Storytelling is one of the most important tools in an individual giving fundraiser’s toolkit. However, for as much time as fundraisers spend thinking about what stories to tell their donor community, they often don’t pay the same attention to how they’re telling them. 

Yet focusing on the mechanics of writing—narrative structure, tone, style, formatting, etc.—is enormously important because even the best, most inspiring stories can get lost in a poorly written piece.

Its own, unique genre

The most basic—and yet significant—thing to remember about writing for fundraising is that it is a unique genre. While writing for fundraising often pulls on best practices from academic writing, creative writing, and journalism, it stands squarely apart from these disciplines and their various purposes. For fundraising copywriting, the chief intent is not to be informative, but rather to be interesting to the point of action. 

Fundraising copywriting aspires to strike a nerve in the reader, and with that personal interest ignited, the reader is compelled to act on their feelings by making a charitable contribution. Few other genres strive to transcend the page and create real-world action the way fundraising copywriting does.

To achieve interest and thus action, copywriting for development needs to establish common cause with the individual donor. As research from the Institute of Sustainable Philanthropy in the field of philanthropic psychology suggests, a highly effective method of doing so is by emphasizing how the organization’s work advances specific values, beliefs, or behaviors that donors see as foundational to their own sense of self.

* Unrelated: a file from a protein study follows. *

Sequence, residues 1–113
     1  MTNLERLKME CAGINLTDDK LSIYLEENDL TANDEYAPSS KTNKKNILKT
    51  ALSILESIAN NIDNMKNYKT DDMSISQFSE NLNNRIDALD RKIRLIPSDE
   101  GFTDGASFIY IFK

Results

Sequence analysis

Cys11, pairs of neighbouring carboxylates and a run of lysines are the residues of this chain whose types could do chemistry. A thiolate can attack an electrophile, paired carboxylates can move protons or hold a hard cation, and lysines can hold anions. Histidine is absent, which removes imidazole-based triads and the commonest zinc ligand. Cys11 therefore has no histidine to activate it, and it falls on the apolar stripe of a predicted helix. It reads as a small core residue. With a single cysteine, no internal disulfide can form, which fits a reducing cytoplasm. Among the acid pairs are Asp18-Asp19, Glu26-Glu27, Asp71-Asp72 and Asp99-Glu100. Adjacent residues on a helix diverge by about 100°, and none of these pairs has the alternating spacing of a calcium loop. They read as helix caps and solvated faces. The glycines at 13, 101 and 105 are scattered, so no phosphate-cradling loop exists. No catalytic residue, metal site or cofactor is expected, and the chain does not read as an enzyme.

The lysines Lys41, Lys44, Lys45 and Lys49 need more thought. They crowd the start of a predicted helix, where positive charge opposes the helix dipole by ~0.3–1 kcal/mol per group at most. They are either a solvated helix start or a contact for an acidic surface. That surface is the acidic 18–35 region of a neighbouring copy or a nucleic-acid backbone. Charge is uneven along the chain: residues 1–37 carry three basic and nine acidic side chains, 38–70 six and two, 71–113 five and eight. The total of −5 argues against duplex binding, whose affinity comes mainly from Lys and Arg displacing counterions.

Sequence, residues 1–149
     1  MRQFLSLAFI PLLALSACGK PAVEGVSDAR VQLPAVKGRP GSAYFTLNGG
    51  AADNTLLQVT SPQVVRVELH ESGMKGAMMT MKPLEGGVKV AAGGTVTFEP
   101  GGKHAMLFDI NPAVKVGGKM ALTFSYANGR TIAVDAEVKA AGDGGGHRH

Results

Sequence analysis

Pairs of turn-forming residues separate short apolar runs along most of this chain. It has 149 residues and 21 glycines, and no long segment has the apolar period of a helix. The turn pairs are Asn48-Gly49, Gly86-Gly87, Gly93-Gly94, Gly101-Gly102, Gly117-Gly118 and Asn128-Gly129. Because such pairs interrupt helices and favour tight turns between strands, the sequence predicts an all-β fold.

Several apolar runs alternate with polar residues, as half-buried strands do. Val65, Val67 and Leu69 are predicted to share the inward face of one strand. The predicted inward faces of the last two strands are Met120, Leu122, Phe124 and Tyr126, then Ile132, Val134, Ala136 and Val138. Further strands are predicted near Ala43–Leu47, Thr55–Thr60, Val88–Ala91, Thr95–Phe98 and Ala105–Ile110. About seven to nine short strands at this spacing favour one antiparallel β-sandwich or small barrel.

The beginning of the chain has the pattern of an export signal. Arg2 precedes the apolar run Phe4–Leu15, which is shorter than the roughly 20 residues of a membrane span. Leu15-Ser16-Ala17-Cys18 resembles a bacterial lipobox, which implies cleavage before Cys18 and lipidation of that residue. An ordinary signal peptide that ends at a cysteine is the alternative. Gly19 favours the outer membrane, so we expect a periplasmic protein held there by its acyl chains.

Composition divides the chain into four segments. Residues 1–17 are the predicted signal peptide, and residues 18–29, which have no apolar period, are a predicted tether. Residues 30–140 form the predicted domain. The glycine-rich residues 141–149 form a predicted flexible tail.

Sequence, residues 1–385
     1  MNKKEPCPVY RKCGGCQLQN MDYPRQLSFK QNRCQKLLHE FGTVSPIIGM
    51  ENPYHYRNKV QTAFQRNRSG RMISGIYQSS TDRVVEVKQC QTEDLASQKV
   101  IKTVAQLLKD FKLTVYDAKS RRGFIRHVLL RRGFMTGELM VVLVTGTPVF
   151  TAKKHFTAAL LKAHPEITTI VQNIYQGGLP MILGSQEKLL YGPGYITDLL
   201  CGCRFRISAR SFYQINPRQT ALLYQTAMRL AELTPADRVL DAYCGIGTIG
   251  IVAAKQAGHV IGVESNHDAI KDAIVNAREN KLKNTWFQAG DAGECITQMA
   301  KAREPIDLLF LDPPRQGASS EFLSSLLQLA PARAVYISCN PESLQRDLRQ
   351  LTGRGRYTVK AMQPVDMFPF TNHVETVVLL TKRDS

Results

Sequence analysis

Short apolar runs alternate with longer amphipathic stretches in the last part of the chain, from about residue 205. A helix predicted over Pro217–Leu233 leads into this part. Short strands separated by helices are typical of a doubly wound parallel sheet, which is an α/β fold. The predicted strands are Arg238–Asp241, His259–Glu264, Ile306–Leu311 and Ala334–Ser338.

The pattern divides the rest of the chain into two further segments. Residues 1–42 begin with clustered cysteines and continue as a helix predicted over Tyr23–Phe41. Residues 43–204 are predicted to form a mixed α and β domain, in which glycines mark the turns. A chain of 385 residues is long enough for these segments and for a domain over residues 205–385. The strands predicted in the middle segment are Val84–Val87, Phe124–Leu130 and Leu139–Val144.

The key question motivating excellent fundraising copywriting is no longer, “How can we get donors to give?” Rather, it is, “What do we want to help people demonstrate about themselves by giving to our organization?”

Key signatures of masterful copywriting

There is no one perfect way to craft a piece of individual giving collateral. Indeed, the same story could be successful in multiple versions of a solicitation letter by various authors. However, there are certain key signatures that distinguish mediocre from masterful copywriting. 

  • First name and “you” references. Great fundraising copywriting intentionally and repeatedly invites the donor to find themselves in the piece by explicitly naming them.
  • Repetition of the ask. Repetition begets familiarity, and familiarity begets remembrance. By repeating the ask multiple times during a solicitation, the reader is more likely to remember and respond to the call to action.
  • Active voice. The active voice is more agentive, powerful, and purposeful than the passive voice. By writing in the active voice, masterful copywriters create an easy narrative path for the donor to follow.
  • Warm, personal tone. Effective fundraising copywriting is neither officious nor formal. It is warm, inviting, and personal. People give to people, as the saying goes, and real people are conversational, not academic, when they communicate.
  • Short and lots of white space. Great copywriting invites the reader to skim it, and then go back and read it. Short, simple sentences in short paragraphs surrounded by lots of white space encourages the reader to engage with the text, rather than scaring them off with complexity and density.

These are just some of the strategies, decisions, and edits which savvy fundraising copywriters are using. You can learn more ways to elevate your own writing by joining me on Tuesday, December 7 for Candid’s virtual workshop, “Grow Your Individual Giving through Masterful Copywriting.” Register for the virtual workshop.

About the Author(s)

Holly Richardson Director, Thread Strategies

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